Mercedes-Benz is targeting a pair of key segments with its next wave of electric vehicles, previewing an electric CLA successor and a replacement for its EQC electric SUV.
They’re reportedly set to be launched in the US next year.
The EQC was never offered in the US, and reports suggested it would exit production this year.
One dealer told the publication it has more rounded front and rear end styling than the combustion-powered GLC, with a pair of power domes on the bonnet and full-width LED daytime running lights.
While the current EQC is related to the GLC, this account suggests the upcoming model will be even more closely related to the GLC.
The GLC EV will reportedly offer 483km of range, though it’s unclear on which cycle. This could be on the US EPA cycle which tends to result in lower range figures for EVs, which suggests a potentially significant improvement over the EQC’s 417km WLTP claim.
Also shown to dealers and due in the US next year was a new electric CLA sedan, with a claimed 644km of range.
It’s reportedly larger than the current CLA but with even sleeker styling, possibly borrowing cues from the EQXX concept car, and Mercedes-Benz is reportedly pitching it as a vehicle designed to poach Tesla buyers.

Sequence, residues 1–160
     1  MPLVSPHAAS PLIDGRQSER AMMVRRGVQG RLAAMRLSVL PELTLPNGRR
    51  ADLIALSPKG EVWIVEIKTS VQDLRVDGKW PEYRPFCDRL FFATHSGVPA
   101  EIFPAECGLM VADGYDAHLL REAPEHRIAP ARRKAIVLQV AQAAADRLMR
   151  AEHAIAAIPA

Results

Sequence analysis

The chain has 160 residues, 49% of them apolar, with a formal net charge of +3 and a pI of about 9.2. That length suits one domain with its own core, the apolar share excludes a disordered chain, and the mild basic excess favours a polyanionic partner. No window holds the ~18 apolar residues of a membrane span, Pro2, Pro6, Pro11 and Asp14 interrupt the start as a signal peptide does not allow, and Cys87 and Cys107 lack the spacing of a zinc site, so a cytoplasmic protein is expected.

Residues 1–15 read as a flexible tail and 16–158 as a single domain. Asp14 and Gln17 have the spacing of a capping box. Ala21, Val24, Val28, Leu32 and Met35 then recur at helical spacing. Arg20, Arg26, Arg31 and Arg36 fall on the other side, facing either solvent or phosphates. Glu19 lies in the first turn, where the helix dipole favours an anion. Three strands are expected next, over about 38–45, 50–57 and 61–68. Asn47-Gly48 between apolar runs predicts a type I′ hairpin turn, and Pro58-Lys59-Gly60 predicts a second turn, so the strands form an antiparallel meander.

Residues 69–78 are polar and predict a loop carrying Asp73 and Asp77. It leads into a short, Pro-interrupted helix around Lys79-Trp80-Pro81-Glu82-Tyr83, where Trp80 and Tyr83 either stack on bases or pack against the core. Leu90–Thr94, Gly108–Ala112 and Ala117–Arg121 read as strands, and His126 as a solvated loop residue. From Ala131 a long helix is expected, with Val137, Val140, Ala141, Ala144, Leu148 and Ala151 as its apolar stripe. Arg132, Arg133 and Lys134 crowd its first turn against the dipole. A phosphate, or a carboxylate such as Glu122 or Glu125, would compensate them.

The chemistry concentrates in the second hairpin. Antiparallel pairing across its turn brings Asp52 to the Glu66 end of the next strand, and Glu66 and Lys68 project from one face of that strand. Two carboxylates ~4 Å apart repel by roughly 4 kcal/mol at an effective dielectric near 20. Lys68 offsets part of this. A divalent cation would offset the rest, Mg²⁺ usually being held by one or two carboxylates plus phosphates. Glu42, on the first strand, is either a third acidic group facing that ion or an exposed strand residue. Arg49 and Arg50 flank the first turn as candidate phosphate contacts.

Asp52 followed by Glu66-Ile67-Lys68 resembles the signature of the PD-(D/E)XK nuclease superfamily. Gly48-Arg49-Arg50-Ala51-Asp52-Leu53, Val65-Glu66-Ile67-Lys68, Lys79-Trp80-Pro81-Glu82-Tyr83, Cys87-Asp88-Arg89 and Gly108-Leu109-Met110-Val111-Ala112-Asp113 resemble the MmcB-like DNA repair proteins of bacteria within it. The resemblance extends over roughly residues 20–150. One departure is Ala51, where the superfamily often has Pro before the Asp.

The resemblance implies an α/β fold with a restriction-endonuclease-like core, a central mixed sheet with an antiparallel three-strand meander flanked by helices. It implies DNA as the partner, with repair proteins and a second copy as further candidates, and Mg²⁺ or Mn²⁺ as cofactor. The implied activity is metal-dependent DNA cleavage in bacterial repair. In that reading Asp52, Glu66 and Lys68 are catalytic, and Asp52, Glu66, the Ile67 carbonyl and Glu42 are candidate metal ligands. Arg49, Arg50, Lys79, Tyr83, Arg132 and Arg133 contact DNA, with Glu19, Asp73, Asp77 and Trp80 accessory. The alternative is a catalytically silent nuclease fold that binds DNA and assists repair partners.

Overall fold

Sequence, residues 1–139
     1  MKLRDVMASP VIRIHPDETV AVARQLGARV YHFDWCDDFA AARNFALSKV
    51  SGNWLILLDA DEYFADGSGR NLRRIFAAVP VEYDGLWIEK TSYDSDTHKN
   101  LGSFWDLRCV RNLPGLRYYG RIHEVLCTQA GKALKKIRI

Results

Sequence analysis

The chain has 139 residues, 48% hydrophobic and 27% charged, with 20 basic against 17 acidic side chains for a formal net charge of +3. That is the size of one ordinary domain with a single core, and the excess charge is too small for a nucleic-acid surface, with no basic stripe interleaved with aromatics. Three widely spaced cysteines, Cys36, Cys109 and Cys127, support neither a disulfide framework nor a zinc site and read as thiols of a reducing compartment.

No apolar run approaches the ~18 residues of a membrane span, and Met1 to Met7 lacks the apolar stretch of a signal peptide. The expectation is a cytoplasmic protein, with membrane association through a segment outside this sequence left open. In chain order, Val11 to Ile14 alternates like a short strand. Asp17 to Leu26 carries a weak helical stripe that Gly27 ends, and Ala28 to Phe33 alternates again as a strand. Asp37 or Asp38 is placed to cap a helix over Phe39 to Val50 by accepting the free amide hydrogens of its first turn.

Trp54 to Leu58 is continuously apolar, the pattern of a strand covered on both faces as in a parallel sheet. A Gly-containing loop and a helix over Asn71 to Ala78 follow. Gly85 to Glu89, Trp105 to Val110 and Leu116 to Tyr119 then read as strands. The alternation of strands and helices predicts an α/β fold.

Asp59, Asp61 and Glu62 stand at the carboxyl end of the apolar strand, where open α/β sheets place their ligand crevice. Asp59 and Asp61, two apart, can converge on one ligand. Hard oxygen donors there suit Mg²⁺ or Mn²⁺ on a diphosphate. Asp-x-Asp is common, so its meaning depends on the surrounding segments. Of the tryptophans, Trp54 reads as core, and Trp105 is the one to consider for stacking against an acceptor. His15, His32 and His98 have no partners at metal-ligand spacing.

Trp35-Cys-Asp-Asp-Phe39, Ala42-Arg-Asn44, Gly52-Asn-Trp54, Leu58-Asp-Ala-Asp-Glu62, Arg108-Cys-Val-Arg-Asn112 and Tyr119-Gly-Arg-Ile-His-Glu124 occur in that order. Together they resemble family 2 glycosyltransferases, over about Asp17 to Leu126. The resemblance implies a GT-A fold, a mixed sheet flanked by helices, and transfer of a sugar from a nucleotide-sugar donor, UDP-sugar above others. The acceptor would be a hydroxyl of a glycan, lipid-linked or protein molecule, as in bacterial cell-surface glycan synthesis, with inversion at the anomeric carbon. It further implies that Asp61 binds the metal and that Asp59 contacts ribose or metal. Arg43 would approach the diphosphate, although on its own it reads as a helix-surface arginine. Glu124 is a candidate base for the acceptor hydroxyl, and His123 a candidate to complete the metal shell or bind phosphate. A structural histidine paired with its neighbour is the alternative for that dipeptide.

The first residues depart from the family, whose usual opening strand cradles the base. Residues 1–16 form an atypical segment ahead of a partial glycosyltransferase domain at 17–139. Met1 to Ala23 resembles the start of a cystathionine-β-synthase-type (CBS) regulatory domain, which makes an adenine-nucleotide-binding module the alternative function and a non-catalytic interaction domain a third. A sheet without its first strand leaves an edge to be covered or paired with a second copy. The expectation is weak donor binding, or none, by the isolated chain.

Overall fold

The CLA replacement has already been spied testing, wearing heavy camouflage.
Mercedes-Benz’s new MMA small car architecture is debuting in 2024 to replace the current MFA2 underpinnings, and will be the first to use the new Mercedes-Benz Operating System (MB.OS).
It may also be the last Mercedes-Benz platform to be introduced with the option of internal combustion power, as from 2025 onwards the company has said all new platforms will be electric-only.
Despite the new platform, Mercedes-Benz is paring back the number of small cars it offers as it targets more upmarket, profitable segments and hones in “more precisely on the wishes of discerning customers”.
It’s also reducing the roster of Entry Luxury vehicles from seven to four vehicles and targeting higher profit margins, as part of a broader push by the company to reach an operating margin target of around 14 per cent by the middle of the decade in favourable market conditions or eight per cent in “very unfavourable” conditions.
Mercedes-Benz sold 680,000 Entry Luxury vehicles globally in 2019 but only 570,000 in 2021, however during that time the average selling price rose by 20 per cent.